Immunomagnetic T cell capture from blood for PCR analysis using microfluidic systems

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DOIResolve DOI: http://doi.org/10.1039/b409366f
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TypeArticle
Journal titleLab on a Chip
Volume4
Issue6
Pages614618; # of pages: 5
AbstractA one-step immunomagnetic separation technique was performed on a microfluidic platform for the isolation of specific cells from blood samples. The cell isolation and purification studies targeted T cells, as a model for low abundance cells (about 1[ratio]10,000 cells), with more dilute cells as the ultimate goal. T cells were successfully separated on-chip from human blood and from reconstituted blood samples. Quantitative polymerase chain reaction analysis of the captured cells was used to characterize the efficiency of T cell capture in a variety of flow path designs. Employing many (4-8), 50 [micro sign]m deep narrow channels, with the same overall cross section as a single, 3 mm wide channel, was much more effective in structuring dense enough magnetic bead beds to trap cells in a flowing stream. The use of 8-multiple bifurcated flow paths increased capture efficiencies from [similar]20 up to 37%, when compared to a straight 8-way split design, indicating the value of ensuring uniform flow distribution into each channel in a flow manifold for effective cell capture. Sample flow rates of up to 3 [micro sign]L min-1 were evaluated in these capture beds.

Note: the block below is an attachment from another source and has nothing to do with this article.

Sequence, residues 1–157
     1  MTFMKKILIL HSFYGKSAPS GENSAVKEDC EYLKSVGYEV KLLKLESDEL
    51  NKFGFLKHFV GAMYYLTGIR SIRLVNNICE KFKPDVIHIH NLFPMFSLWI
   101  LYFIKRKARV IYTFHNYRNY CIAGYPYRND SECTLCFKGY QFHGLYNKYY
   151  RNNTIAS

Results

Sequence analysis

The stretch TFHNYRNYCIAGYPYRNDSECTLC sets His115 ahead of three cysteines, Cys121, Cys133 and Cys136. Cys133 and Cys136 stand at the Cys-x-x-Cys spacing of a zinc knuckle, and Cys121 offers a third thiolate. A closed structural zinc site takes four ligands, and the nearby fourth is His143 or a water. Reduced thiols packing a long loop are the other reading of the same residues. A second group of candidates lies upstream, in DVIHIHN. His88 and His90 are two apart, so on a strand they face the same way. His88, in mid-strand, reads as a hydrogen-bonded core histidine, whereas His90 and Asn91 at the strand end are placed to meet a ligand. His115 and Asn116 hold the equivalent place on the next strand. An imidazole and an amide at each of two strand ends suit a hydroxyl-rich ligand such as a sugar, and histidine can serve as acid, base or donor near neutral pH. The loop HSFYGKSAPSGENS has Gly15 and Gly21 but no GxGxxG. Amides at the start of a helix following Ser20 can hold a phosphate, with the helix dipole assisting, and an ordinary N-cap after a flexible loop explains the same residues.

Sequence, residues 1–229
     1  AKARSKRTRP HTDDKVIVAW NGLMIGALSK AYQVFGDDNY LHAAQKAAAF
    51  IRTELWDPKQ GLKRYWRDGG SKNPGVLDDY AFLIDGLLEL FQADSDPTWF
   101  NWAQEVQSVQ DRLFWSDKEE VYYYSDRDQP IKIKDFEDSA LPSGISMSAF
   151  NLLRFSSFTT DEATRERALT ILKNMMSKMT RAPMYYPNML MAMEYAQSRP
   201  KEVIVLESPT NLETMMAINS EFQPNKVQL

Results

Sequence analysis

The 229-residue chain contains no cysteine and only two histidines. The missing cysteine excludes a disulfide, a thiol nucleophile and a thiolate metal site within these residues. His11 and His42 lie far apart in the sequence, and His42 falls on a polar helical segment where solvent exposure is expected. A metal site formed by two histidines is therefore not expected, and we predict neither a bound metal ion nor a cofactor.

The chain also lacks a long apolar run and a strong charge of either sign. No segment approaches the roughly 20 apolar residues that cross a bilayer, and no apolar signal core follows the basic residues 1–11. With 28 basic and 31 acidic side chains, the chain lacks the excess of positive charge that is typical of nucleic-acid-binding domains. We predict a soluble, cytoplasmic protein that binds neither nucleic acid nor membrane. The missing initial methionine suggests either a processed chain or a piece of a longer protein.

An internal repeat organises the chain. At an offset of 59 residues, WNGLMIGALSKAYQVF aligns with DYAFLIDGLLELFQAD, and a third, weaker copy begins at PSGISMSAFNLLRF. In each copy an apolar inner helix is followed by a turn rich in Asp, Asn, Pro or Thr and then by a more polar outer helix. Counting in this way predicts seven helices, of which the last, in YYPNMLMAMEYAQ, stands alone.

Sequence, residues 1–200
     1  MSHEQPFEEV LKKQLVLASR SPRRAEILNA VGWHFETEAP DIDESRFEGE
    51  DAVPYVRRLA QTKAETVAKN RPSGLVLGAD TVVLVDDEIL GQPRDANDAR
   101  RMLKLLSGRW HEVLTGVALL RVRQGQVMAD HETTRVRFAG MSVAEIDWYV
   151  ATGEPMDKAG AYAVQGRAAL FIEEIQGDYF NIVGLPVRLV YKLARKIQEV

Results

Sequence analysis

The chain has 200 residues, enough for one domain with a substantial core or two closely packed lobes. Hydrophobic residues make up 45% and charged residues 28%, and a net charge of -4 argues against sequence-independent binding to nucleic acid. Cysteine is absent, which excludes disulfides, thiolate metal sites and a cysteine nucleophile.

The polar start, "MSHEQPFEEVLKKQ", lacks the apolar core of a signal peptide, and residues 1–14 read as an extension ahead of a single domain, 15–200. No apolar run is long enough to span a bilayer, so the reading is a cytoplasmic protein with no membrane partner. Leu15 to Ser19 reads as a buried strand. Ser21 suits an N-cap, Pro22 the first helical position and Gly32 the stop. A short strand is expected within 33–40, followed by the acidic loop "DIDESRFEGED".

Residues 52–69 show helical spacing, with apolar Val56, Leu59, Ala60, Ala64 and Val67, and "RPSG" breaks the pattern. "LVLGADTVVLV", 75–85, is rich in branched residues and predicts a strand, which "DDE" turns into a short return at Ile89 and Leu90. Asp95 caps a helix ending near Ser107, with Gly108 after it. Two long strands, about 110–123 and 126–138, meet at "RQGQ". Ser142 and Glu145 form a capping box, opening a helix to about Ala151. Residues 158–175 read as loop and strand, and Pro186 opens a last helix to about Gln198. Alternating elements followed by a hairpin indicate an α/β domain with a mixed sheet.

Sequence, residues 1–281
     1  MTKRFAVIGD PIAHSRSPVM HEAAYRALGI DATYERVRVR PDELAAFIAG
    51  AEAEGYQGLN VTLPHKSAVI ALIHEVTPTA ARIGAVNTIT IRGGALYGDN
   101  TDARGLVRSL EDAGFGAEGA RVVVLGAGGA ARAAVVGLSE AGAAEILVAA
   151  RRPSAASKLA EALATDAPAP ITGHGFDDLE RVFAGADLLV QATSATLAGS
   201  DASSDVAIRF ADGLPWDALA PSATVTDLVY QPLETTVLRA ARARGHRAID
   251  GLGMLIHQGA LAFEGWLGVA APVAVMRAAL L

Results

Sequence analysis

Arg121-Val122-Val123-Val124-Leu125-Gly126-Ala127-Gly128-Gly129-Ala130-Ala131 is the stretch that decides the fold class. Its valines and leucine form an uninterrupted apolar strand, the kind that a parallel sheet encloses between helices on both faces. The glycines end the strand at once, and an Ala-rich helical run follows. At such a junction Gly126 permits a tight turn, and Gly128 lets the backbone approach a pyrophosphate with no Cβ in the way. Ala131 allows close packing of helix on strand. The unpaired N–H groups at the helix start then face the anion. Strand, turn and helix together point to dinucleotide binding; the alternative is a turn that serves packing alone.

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NPARC number12333684
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Record identifier2fac873f-70ce-4365-8693-6ffc6aa4e6fa
Record created2009-09-10
Record modified2016-05-09
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